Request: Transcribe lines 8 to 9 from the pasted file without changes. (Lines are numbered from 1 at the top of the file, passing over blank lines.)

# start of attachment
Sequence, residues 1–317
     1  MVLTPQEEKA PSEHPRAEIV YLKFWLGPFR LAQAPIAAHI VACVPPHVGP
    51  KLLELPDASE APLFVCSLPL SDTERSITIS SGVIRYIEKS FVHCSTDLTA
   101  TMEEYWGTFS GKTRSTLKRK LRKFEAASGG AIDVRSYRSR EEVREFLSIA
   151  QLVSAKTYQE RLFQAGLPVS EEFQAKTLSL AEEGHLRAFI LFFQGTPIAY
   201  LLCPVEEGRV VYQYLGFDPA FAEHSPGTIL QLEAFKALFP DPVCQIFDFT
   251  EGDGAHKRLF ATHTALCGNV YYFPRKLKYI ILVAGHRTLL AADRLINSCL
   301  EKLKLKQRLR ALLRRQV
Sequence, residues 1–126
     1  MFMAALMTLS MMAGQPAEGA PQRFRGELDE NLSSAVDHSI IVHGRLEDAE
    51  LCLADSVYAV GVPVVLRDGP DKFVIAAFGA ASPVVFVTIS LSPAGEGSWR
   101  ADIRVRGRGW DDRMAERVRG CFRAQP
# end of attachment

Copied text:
   301  EKLKLKQRLR ALLRRQV
Sequence, residues 1–126